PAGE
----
“F1 is the top of all categories, but it also has its disadvantages: it requires total dedication, and I’ve already had 18 years of career done that way.

“I have to decide whether I’m really interested in doing another two to three years with that load of work,” he added.

2012 German GP: Fernando Alonso (ESP) Ferrari celebrates his pole position

Whichever way he decides, Alonso appears to have ruled one thing out: whatever happens, he doesn’t see himself returning to Ferrari, for whom he drove for five seasons between 2010 and 2014.

“I haven’t talked to Ferrari for 2021,” the 38-year-old Spaniard confirmed. “I think the adventure with Ferrari has been good, but I don’t think it’s time to talk about a return.

“I think they bet on the future by betting everything with Charles Leclerc,” he commented.

“For 2021 I will first have to see who will be competitive, and perhaps Ferrari will not be among the favorites. We’ll see.”

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Alonso: ‘I have the idea of returning to Formula 1’

Two-time World Champion Fernando Alonso has the “idea of returning to Formula 1” from 2021, but doesn’t see room for himself at Ferrari.

Alonso walked away from F1 at the end of 2018 after a torrid spell at McLaren during their engine partnership with Honda.

Since then he has been in pursuit of the “triple crown” of motorsport and will return to the Indy 500 in May, while currently he is tackling the grueling Dakar Rally.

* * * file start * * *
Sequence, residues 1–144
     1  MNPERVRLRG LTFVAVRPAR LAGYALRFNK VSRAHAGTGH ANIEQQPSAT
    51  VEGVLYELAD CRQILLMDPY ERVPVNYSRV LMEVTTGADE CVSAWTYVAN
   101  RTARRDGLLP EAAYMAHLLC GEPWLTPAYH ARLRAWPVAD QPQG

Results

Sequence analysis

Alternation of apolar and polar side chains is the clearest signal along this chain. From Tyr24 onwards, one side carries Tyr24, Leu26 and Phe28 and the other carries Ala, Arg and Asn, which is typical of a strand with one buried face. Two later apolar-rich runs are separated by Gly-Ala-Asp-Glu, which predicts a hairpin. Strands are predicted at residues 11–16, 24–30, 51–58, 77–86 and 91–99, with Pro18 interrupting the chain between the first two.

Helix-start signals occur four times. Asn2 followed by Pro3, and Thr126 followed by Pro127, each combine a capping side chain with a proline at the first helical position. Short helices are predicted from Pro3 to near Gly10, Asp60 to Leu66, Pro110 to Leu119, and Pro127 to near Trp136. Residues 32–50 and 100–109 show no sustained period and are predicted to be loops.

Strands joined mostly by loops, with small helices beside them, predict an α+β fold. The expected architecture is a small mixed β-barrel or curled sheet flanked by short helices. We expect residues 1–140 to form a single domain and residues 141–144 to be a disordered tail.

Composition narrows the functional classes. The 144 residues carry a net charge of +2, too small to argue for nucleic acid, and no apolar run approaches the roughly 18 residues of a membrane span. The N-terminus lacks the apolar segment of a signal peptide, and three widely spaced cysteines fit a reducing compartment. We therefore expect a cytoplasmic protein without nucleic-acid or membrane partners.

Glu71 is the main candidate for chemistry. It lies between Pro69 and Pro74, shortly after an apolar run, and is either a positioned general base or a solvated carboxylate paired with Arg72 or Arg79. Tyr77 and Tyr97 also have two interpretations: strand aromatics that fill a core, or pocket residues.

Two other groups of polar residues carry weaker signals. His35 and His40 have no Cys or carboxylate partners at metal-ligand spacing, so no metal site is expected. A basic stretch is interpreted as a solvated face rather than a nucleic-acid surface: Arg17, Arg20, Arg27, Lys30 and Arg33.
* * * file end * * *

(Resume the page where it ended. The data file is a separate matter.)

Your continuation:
And once both of those challenges are complete, the Spaniard may look to plot a way back into Formula 1.

“First I finish the Dakar, then I do the Indianapolis 500, and in the summer I will have to make a decision,” he told the El Partidazo de Cope program.

“I have the idea of returning to Formula 1, “I feel like a Formula 1 driver, it’s what I like most and it’s what I know how to do best.

“I don’t know if I will return or not, but I will think about these next two or three years of my career in the summer. I will decide in the next few months.

“It is the top category of motor racing, but it also has its disadvantages.

“Formula 1 requires a complete dedication of your life.

“I already had 18 years of that and now I have to assess whether I want to do two or three more years of that or not.”

The frustrations of driving an uncompetitive McLaren car caused Alonso to leave the series, and he says that if he returned then he “must look at the teams that are available or interested”.